Use of Argon, Corona, and Landsat imagery to assess 30 years of land resource changes in west-central Senegal

Photogrammetric Engineering and Remote Sensing
By: , and 

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Abstract

Over the past 35 years, an agricultural area of west-central Senegal has experienced rapid population growth, fast expansion of agricultural lands, a decline in rainfall, and degradation of vegetative and soil resources. Although such changes have not escaped the attention of Senegal's people, its government, and the scientific community the ability to monitor and quantify land resource trends of recent decades has been difficult. Recently available high-resolution satellite photographs from the American Argon and Corona Programs provide coverage of Senegal back to 1963. The photographs make it possible to study and map land resources at the beginning of the Space Age. In this study, we characterize the changes that have occurred in the region from the early 1960s to the mid-1 990s. Early Argon and Corona photographs are used to reconstruct the historical land use and land cover; comparisons are made with assessments from recent Landsat images. Field studies and aerial surveys provide additional insight. The forces of change, driven primarily by population growth and unsustainable agricultural practices, are examined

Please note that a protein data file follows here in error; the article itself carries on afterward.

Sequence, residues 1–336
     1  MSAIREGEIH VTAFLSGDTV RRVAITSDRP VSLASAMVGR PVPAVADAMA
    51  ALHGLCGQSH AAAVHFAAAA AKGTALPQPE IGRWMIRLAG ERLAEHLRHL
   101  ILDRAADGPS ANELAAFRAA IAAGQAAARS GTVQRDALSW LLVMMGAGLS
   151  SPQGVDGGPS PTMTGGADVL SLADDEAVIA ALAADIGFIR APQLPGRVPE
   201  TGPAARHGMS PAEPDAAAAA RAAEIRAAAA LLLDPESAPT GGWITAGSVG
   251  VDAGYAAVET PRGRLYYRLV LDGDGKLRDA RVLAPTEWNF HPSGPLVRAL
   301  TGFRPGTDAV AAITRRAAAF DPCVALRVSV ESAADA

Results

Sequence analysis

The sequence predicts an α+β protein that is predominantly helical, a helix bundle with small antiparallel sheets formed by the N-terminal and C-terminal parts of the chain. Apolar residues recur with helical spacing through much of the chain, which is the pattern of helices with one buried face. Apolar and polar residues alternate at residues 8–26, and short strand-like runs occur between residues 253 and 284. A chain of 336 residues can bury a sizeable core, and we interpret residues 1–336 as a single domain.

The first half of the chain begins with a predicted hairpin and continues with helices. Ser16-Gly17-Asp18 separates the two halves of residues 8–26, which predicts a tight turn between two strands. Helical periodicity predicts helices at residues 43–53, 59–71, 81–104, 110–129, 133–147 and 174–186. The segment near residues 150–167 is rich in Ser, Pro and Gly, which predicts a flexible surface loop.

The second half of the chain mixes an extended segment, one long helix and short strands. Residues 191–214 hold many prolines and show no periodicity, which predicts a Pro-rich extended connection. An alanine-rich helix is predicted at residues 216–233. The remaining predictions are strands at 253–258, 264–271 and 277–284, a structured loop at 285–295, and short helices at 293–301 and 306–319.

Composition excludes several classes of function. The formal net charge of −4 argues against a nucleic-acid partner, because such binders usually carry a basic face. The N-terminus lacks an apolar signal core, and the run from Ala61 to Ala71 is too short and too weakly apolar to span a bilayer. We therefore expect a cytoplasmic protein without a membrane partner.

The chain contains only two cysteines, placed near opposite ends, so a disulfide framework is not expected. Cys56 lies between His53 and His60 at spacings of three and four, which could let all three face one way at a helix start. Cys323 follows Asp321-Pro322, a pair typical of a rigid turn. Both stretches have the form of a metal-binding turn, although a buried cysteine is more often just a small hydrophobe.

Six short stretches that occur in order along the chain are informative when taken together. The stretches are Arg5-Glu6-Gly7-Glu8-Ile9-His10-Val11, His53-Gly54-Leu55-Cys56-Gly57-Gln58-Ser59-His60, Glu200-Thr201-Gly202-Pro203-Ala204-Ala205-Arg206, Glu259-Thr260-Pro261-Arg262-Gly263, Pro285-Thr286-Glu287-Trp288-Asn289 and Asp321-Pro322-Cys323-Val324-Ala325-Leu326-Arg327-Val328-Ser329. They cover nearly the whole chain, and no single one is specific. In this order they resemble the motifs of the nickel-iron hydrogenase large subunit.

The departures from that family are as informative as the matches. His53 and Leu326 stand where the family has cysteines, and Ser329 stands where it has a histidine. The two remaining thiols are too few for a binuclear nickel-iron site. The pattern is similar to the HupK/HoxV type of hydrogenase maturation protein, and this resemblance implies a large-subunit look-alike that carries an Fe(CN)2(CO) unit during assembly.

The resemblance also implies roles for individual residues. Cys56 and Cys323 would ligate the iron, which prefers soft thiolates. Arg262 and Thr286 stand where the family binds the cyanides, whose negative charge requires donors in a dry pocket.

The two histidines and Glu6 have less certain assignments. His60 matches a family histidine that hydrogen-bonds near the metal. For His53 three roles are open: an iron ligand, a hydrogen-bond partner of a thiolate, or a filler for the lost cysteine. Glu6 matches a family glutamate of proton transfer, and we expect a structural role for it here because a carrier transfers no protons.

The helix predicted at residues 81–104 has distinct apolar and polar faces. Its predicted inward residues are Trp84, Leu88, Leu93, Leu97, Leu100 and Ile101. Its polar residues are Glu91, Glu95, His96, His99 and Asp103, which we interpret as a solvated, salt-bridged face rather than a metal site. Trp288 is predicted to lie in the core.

Additional publication details

Publication type Article
Publication Subtype Journal Article
Title Use of Argon, Corona, and Landsat imagery to assess 30 years of land resource changes in west-central Senegal
Series title Photogrammetric Engineering and Remote Sensing
Volume 66
Issue 6
Year Published 2000
Language English
Publisher ASPRS
Contributing office(s) Earth Resources Observation and Science (EROS) Center
Description 9 p.
First page 727
Last page 735
Online Only (Y/N) N
Additional Online Files (Y/N) N